Putin, who is prohibited by the Constitution from running for a third consecutive presidential term, said earlier this week he would agree to become premier if First Deputy Prime Minister Dmitry Medvedev, nominated as a presidential candidate by the ruling party, won the polls. Medvedev, who enjoys the president's backing, is widely seen as a front-runner.
Analysts have suggested Putin, who has consistently enjoyed high popularity ratings, will remain a de-facto leader in Russia and would redistribute powers in favor of the prime minister.
Putin dismissed the speculation in an interview with Time Magazine, which named him its Person of the Year 2007: "I will only fulfill the duties the Constitution stipulates for the head of government, tackle routine economic and welfare problems like road construction, housing, and education.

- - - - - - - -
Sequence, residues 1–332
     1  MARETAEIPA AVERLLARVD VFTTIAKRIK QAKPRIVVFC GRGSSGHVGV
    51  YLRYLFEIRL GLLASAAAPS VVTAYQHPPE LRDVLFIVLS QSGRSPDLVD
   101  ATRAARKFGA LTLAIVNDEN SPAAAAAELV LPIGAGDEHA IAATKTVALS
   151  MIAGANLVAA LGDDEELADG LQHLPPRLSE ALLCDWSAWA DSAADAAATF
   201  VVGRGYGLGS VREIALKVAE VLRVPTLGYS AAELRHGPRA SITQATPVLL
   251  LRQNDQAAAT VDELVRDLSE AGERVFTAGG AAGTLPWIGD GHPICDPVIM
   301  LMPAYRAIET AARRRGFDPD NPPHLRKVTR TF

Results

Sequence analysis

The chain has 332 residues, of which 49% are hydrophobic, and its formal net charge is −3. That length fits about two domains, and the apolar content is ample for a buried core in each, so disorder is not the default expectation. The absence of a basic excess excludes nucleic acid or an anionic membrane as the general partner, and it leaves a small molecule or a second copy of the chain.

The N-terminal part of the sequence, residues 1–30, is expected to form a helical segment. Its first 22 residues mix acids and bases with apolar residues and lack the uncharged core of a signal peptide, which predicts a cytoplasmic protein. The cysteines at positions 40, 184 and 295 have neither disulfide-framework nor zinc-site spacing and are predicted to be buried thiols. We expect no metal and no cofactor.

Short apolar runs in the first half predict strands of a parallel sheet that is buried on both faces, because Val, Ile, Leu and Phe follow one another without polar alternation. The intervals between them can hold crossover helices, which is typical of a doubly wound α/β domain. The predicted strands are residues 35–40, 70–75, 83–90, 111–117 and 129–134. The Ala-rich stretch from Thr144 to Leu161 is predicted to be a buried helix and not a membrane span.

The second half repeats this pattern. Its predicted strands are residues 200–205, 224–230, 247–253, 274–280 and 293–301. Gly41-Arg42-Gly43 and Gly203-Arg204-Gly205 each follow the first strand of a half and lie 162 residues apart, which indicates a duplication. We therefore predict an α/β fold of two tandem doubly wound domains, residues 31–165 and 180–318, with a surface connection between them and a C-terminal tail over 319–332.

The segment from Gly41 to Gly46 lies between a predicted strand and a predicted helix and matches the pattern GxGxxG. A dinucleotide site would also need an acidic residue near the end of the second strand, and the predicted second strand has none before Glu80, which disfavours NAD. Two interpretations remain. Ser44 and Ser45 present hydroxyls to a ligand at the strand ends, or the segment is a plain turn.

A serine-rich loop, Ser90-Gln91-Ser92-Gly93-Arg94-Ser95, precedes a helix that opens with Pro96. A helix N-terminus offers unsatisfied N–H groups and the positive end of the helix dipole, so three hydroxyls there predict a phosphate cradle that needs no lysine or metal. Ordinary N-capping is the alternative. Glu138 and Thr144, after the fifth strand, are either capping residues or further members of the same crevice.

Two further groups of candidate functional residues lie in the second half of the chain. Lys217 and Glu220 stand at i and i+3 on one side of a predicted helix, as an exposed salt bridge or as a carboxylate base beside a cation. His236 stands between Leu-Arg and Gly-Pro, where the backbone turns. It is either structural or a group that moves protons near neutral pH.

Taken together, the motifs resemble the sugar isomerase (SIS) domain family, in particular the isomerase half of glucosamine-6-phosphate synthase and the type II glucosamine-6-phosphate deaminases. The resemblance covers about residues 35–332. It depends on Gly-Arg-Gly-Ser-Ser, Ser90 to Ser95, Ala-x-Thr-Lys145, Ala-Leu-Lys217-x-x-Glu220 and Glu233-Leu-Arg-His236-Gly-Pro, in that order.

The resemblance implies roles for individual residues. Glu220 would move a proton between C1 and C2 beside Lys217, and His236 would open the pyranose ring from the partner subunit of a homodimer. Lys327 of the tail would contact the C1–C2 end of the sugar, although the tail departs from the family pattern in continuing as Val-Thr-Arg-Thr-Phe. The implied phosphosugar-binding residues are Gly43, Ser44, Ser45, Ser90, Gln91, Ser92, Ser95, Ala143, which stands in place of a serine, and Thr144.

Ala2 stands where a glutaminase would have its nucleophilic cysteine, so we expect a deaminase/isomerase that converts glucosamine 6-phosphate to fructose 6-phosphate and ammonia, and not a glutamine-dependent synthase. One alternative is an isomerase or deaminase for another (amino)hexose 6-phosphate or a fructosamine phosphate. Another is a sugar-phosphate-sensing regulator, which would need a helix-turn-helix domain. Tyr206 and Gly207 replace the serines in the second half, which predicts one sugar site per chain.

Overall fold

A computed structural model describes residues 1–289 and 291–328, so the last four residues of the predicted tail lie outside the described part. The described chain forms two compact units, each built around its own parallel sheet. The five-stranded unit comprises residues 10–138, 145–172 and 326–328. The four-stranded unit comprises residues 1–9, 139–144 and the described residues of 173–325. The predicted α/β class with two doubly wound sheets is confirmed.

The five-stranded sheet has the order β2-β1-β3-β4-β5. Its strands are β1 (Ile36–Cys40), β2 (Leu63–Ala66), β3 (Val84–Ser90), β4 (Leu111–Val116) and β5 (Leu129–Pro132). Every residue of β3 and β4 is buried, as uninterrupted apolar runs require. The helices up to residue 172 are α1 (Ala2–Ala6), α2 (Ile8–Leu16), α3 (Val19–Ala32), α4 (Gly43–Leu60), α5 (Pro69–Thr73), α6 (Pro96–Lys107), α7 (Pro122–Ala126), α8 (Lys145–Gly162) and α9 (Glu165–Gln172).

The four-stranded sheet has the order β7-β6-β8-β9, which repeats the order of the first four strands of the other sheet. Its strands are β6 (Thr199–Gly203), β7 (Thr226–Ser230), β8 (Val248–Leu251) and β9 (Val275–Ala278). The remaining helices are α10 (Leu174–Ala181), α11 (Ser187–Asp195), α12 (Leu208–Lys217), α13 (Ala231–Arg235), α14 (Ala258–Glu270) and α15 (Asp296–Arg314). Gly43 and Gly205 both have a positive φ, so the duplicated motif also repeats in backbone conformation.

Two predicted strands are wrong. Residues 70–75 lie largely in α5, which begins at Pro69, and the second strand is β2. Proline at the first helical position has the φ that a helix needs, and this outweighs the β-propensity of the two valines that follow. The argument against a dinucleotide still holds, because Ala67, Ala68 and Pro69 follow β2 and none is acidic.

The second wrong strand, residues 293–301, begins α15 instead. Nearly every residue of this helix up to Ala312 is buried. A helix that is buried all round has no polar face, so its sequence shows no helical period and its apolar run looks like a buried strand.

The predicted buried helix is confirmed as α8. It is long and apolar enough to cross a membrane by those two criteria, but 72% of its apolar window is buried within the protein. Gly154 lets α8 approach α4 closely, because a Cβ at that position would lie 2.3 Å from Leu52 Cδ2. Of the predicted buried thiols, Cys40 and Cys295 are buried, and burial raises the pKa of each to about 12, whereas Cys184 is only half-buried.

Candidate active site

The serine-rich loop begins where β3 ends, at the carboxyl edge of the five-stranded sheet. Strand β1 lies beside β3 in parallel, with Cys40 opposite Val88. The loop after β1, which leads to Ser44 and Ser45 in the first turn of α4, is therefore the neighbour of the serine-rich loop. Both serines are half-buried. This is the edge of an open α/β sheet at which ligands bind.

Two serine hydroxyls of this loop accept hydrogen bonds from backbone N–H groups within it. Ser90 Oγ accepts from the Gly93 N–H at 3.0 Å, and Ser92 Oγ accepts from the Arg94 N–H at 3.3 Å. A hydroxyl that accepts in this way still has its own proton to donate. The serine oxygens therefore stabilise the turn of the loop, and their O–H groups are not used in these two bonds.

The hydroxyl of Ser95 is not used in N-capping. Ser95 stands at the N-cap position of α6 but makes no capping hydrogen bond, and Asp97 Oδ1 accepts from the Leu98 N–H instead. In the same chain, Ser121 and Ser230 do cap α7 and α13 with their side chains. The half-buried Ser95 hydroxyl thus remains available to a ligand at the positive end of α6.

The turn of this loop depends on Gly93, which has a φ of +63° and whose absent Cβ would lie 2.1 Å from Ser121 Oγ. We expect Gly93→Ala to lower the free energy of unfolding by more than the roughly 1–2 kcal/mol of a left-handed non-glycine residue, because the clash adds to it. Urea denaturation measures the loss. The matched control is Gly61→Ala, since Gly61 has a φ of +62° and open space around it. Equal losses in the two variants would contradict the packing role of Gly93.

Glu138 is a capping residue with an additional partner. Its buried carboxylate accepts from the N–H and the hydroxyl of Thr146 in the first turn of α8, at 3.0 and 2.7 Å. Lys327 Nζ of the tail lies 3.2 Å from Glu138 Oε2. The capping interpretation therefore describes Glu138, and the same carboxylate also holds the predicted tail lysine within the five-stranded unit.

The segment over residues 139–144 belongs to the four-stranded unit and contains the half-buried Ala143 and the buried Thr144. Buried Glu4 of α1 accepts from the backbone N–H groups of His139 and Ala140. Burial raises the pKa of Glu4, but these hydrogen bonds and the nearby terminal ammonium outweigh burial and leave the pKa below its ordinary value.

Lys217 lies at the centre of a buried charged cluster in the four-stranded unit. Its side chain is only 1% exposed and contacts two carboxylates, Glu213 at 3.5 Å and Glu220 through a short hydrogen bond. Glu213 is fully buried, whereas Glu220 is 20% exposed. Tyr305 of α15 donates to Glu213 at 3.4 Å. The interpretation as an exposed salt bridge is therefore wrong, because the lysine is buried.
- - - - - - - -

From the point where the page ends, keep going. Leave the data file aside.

"But key political, administrative and personnel issues, and those in the spheres of defense and international affairs will, undoubtedly, remain the president's responsibility," Putin told the magazine.
Putin, who has presided over the country's brisk economic growth mainly driven by high oil prices, said he was a staunch advocate of free market. "One does not have to be an expert to see huge advantages of a market economy over a planned economy," he said.
But he also snapped at criticism of the Kremlin's growing grip on the economy and the energy sector, including the emergence of giant state corporations distributing investment and consolidating assets.
Putin said the state must act as a regulator, especially in countries like Russia, and cited the nation's economic successes as evidence supporting his position.
He said the Russian economy had grown by an average 7% a year in the past years, the country had paid off much of its multi-billion debts, and the real incomes of Russians had increased by 12%.